UK

NHS radiographers hold strike over pay

Radiographers on strike outside a hospital Image copyright Society of Radiographers
Image caption Staff joined picket lines outside hospitals across the UK, including in Middlesbrough

Radiographers have gone on strike over pay in the latest walkout by NHS staff.

Society of Radiographers members were on strike from 09:00-13:00 BST, and will follow a work-to-rule policy for the rest of the week. The society said urgent care would still be provided.

Thousands of NHS staff including nurses and midwives held a strike last Monday.

The Department of Health said it was "disappointed" by the radiographers' strike and said a larger pay rise would risk front-line jobs.

The strike was held across the UK due to an "ongoing pay freeze" and because the government "rejected a recommended 1% pay rise" for staff in England, the society said.

An independent pay review board proposed a 1% increase for all NHS staff but ministers decided to exclude staff who receive progression-in-the-job rises.

These, designed to reward professional development, are given to about half of staff, and are worth 3% a year on average.

The pay proposal was implemented for all NHS workers in Scotland, and Northern Ireland is yet to make a decision. Wales did the same as England but gave extra money to the lowest-paid staff.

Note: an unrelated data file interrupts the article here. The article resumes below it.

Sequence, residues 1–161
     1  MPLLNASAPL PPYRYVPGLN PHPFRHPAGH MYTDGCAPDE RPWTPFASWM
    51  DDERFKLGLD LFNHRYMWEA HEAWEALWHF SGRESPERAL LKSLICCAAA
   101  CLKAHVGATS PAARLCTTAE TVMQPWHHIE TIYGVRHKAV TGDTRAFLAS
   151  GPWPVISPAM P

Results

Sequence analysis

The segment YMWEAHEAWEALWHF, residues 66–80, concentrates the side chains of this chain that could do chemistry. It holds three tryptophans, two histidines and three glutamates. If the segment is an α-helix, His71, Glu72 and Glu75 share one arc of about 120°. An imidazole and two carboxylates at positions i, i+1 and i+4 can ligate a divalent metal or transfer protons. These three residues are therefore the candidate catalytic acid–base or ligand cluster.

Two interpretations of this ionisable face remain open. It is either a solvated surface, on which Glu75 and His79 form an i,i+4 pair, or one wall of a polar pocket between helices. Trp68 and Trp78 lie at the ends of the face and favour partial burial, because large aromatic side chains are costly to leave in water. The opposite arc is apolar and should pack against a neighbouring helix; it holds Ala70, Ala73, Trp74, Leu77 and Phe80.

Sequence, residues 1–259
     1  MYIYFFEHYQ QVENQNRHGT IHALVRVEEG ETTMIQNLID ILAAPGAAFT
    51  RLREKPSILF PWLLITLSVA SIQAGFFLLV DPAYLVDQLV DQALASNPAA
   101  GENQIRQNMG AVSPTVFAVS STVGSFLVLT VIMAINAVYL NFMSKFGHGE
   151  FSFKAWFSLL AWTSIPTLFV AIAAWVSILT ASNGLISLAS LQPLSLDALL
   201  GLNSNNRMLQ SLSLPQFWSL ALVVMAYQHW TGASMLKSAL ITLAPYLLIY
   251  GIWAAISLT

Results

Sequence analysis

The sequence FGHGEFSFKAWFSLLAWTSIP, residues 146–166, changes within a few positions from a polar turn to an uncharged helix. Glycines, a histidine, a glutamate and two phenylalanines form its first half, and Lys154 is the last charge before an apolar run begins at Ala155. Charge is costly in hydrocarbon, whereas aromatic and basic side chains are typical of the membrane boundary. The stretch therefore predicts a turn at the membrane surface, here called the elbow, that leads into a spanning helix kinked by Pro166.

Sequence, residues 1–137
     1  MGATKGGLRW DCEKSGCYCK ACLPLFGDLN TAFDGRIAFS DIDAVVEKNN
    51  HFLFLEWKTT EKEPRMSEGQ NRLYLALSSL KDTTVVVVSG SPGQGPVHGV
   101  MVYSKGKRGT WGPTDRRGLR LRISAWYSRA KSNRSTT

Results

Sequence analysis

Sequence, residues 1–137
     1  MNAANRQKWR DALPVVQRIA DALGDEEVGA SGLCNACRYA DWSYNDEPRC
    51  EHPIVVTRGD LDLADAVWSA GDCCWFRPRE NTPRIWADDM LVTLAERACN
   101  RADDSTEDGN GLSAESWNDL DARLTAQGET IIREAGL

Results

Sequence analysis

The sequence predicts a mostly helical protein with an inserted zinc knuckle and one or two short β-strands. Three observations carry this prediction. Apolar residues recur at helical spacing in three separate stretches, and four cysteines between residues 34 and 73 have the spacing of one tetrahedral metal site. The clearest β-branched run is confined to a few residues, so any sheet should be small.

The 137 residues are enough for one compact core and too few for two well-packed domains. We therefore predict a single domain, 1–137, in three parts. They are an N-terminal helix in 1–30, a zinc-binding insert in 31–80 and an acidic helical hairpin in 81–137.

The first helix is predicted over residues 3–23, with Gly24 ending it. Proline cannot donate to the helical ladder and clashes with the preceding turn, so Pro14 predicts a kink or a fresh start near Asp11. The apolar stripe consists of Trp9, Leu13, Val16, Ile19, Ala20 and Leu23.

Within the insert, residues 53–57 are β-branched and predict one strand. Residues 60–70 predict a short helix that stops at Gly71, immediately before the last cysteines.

Image copyright Society of Radiographers
Image caption Radiographers outside the Royal Marsden Hospital in London held a banner saying: "No raise = no rays"
Image copyright Society of Radiographers
Image caption Staff at Medway NHS Foundation Trust in Kent joined the strike

It is not clear how many patients will be affected but the Society of Radiographers said 400 scans and X-rays had been cancelled across Wales on Monday.

The action is the society's first UK-wide strike for more than 30 years - and it warned there was a "possibility of more action".

"The anger that they and other health professionals feel is very strong," said Richard Evans, the society's chief executive.

"Radiographers will try and keep the effect on patients to a minimum but radiographers and other health-care workers have got to the stage that they feel there is no alternative.

"Unless we show the government that we are serious about our claim that NHS staff should be treated fairly, they will continue to take advantage of our goodwill."

He also said there was a shortage of radiographers, which was already affecting patients and was likely to get worse if staff did not get "reasonable and proper recognition" of their work.

Image copyright Society of Radiographers
Image caption Some radiographers used images of skeletons in their protests

A Department of Health spokesman said: "NHS staff are our greatest asset, and we've increased the NHS budget to pay for over 12,500 more clinical staff since 2010.

"We cannot afford a pay rise in addition to increments - which disproportionately reward the highest earners - without risking front-line jobs."

Last Monday's NHS strike was also followed by four days of work-to-rule, during which staff refused to do unpaid overtime and insisted on taking their breaks.

Tens of thousands of people joined anti-austerity protests Belfast, Glasgow and London on Saturday.

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